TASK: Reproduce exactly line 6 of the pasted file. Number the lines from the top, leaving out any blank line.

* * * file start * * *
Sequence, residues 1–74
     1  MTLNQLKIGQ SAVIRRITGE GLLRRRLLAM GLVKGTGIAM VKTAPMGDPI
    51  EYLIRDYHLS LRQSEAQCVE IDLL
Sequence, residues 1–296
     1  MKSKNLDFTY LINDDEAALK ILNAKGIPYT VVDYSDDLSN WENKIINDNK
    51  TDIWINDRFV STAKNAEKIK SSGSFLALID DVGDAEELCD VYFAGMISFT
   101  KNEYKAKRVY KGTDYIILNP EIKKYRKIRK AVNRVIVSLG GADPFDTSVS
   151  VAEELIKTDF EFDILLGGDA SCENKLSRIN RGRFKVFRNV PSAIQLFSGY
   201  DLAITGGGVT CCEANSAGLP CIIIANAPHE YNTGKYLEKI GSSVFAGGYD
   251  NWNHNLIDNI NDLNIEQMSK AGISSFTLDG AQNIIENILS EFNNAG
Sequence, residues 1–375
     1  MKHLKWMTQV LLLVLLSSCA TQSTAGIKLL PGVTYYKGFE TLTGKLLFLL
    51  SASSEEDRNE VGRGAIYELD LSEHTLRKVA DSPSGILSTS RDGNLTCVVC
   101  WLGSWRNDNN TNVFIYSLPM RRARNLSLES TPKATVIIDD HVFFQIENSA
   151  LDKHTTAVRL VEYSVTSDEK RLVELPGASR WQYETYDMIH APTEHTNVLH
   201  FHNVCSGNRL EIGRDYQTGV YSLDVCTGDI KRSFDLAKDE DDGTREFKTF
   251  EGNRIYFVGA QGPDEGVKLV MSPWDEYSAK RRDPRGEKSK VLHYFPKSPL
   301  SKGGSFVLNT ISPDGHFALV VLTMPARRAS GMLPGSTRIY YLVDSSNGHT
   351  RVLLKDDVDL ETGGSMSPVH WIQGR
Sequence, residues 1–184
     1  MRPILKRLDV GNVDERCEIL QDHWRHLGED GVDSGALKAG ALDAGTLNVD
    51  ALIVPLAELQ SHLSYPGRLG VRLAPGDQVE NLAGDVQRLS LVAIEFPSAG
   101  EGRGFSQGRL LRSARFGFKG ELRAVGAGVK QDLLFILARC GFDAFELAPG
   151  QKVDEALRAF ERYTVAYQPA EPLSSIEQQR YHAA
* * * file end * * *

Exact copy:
    51  TDIWINDRFV STAKNAEKIK SSGSFLALID DVGDAEELCD VYFAGMISFT